Dancing with Demons: A Book Club Review

Changing the house is such a pain. If you forget to change one of your delivery address, your book will go to your past house, which is now someone else’s home, and then you have to retrace your steps to find that one book. That’s what I had to do to reach this book. After 10 days of dithering and follow-up of the courier office I finally got the book to read.

I would not have selected this book, but then I saw the cover which said “Soon to be made into Bollywood movie”. And I was hooked. I mean I don’t want to watch the movie first and then read the book. That’s the most boring thing to do in the world.

My decision was right or wrong I can’t say as in all honesty, the book was okay types. Not too good, not too bad. Like that mild coffee that could wake you up, but then that’s its only purpose. The book is okay. I have heard many people telling me that they were riveted by the book; I wasn’t, but then I wasn’t bored either.

 

DANCING WITH DEMONS
by
Nidhie Sharma
 
 
 
Blurb
 
Karan Pratap Singh is on the brink of winning the Amateur Boxing Championship, when in a moment, he loses it all. His fall from glory seems fuelled by ruthless arrogance and an out-of-control anger management problem. That, however is just symptomatic of a deeper issue. Buried under layers of his fractured subconscious lies a childhood secret he cannot come to terms with.
 
Sonia Kapoor is a beautiful, volatile young woman with a secret that torments her at night but a secret that she feels no guilt for.
 
When fate throws Karan and Sonia together in Mumbai, their personal demons and pasts collide and stir up trouble in their fragile and uncertain present. But, is redemption possible without forgiveness?
 
Dancing with Demons is a fast-paced action drama of love, loss and resurrection.
 
Grab your copy @
 
What I liked

1) Boxing Background: There are many books which explore sports, but this was my first book which explored boxing as the sport. I am not a boxing person, but then the book took me to those rings and made me see the passion of boxing from the authors’ eyes. I guess this was the best thing for me in the book.

2) Fast Pace: The book is quite fast-paced. It zooms on without giving you time to get bored. That was another good point about the book. I felt I was on a mild adventure ride.

What I didn’t like

1) Universal StoryTelling Style: I sometimes feel I just should give up. This style is not going to appeal me, at least not in Indian authors. The book started off beautifully without any head-jumps, and then by third chapter it became jumble of head-jumps. I was left wondering why the author decided Universal POV style.

2) Lack of Chemistry: The book lacks chemistry. Everything happens or is read in the eyes. The two protagonist do not talk to each other much in the book, yet they end up falling in love with each. Not only that, they wait for each other too when one is going through difficult times.  If I ever encountered a person whose past I don’t know, I would probably like to talk first. The chemistry, if there, is not developed in the book.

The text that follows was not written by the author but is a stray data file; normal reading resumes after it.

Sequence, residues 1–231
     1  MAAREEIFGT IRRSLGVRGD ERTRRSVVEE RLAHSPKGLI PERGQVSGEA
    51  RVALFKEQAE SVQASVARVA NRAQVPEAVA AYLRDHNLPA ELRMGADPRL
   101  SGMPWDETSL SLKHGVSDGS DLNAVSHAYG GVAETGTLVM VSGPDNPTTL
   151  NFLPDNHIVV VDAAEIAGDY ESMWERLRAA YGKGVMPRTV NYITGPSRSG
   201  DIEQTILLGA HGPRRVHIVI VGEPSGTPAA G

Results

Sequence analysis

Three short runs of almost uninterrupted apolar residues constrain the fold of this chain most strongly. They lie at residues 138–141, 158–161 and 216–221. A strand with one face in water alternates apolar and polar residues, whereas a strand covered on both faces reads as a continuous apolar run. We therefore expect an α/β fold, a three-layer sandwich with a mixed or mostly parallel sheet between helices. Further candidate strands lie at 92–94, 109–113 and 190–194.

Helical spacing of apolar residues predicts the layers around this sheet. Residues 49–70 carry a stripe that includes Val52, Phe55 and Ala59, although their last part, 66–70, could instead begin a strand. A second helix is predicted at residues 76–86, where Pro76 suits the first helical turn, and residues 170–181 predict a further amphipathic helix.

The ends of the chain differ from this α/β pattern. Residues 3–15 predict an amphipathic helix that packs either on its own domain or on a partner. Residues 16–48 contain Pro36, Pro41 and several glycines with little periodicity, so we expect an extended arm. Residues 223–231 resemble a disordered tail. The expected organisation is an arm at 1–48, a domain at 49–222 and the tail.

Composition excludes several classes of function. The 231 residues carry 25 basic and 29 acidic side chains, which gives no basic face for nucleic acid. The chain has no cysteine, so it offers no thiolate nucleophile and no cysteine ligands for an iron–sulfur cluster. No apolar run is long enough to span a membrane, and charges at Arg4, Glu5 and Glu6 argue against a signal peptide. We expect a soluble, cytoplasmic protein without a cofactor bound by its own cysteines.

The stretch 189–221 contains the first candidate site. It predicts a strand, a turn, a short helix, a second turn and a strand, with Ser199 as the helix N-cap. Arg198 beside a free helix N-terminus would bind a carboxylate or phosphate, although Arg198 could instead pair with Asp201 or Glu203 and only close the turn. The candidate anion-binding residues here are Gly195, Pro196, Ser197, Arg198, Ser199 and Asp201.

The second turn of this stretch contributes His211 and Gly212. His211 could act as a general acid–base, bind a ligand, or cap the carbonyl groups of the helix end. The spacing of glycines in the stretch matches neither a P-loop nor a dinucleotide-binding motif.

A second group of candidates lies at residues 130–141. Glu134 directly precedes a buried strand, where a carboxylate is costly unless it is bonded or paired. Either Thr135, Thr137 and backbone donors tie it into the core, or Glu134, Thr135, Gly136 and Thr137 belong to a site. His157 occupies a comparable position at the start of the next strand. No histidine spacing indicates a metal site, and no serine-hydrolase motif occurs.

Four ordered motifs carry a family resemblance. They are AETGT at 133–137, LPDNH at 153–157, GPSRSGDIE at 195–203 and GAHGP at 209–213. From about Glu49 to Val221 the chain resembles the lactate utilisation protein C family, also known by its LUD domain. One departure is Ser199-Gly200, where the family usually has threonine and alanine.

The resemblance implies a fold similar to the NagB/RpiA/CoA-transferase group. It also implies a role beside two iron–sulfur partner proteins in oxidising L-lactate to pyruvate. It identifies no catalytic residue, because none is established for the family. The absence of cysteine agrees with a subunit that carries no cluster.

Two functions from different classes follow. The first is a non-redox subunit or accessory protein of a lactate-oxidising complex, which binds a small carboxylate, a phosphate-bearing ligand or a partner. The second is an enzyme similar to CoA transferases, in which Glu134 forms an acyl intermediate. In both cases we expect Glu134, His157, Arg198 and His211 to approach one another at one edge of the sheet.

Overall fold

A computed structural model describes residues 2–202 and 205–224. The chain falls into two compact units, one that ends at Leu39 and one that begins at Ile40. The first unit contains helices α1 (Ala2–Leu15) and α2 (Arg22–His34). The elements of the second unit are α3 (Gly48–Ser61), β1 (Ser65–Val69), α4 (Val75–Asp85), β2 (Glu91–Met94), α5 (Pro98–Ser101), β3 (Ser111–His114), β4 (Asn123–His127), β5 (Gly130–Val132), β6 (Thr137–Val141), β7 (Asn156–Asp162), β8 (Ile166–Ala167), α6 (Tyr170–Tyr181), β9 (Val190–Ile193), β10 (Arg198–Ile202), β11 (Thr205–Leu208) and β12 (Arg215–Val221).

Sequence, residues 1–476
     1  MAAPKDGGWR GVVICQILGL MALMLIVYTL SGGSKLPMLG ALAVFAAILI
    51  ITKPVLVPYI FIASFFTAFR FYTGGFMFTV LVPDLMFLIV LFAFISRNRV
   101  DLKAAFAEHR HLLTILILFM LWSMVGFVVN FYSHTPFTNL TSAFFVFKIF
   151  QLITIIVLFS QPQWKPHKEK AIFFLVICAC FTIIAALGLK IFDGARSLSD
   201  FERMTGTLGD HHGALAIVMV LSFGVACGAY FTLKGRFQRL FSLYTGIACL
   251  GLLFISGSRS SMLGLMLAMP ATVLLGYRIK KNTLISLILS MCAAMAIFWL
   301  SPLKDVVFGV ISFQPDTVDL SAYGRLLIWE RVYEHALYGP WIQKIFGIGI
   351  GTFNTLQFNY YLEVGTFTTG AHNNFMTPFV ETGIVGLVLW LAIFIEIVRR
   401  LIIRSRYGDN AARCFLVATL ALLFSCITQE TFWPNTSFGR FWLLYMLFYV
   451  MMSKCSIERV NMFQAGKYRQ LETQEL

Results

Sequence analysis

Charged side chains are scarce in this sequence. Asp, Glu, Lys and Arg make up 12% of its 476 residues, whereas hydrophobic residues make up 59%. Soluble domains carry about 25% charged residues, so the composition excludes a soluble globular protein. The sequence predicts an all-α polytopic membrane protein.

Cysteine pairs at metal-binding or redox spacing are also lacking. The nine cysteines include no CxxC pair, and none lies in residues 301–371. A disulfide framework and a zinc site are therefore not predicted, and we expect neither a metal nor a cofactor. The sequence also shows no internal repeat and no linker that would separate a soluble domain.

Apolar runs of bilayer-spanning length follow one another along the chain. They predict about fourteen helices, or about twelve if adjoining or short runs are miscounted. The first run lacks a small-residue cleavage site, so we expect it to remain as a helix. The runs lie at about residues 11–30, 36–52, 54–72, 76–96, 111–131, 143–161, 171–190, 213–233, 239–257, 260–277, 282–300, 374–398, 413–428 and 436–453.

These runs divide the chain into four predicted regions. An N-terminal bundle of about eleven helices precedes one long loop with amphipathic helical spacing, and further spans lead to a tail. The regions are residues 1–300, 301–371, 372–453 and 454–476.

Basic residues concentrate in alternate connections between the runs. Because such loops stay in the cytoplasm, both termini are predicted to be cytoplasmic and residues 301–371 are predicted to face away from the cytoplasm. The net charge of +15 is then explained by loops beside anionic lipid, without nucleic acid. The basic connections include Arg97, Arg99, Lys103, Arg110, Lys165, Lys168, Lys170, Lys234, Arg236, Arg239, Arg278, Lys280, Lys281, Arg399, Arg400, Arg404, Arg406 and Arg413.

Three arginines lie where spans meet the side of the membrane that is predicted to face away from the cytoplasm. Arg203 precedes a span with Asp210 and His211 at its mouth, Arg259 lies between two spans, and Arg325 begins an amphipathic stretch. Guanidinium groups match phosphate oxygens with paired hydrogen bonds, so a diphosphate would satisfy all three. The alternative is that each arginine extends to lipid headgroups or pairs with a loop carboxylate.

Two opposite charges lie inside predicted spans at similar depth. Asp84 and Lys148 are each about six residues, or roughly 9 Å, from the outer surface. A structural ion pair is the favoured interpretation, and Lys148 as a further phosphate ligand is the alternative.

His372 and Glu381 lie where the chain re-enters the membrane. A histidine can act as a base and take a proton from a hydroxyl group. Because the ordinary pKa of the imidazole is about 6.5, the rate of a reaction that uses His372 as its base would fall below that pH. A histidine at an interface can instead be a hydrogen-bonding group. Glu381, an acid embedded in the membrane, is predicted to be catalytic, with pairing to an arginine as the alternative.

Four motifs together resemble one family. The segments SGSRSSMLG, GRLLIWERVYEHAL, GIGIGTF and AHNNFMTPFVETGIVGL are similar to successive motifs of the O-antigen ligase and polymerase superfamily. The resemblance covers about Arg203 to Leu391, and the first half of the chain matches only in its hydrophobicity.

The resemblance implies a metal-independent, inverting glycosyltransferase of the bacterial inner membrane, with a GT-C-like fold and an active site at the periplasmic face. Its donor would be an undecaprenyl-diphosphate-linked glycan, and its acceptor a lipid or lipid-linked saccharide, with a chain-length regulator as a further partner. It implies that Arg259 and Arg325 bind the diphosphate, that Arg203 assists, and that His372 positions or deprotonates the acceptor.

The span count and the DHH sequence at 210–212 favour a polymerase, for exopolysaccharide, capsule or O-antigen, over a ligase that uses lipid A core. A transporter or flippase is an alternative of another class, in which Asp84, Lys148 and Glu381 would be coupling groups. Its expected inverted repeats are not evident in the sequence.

3) Meh Suspense: I cannot reveal it as that will spoil the book for you, but the suspense of the story did not really grip me. The author maintained the suspense about the story for a long time, which in my opinion, was not really needed. The suspense did not add anything to the story except for some pretty words and sentences. (I guess that was the purpose.)
Overall Opinion

As I said, the book was okay for me. I won’t read it again, that’s sure, but while reading, it transported me to the boxing world. Probably it wasn’t my cup of tea because all my friends have LOVED the book (Yes, loved in capitals). Sometime it happens, right? You cannot feel what others are feeling for the book.

For me, book was a pleasurable one time read. It could have been so much more (there’s a lot of potential there), but it isn’t. For now, it is the story of the boxer who is trying to redeem himself.

Three Stars
 
ABOUT THE AUTHOR
 
The Book Club introduces Nidhie Sharma and asked a few questions, the details of which can be found on the link. I liked that she is a filmmaker and a novelist and she is able to juggle between the two arts of storytelling. She described her book as the following:
‘Dancing with Demons’ is a gripping romance drama set against the backdrop of combat sports in India. It is the story of two fallen souls who must vanquish their inner demons to become the people they were destined to be. When the story begins, Karan Pratap Singh, an  angst-ridden boxer and the mysterious and volatile Sonia Kapoor are angry and emotionally damaged by their pasts and when fate throws them together in Mumbai, their personal demons and pasts collide and stir trouble in their fragile and uncertain present. “It was some night. Thunder and lightning playing, chasing one another like two furtive, carefree lovers, oblivious to the havoc they were wrecking. Sonia put her hand out of the window as the bus started to hurtle down the highway, to Mumbai. A sliver of lightning fell on the trees just ahead of them, setting a normal bush on fire. Then thunder roared again… Perhaps this was an appropriate setting for what was to follow…two tumultuous lives on a head-on collision course.”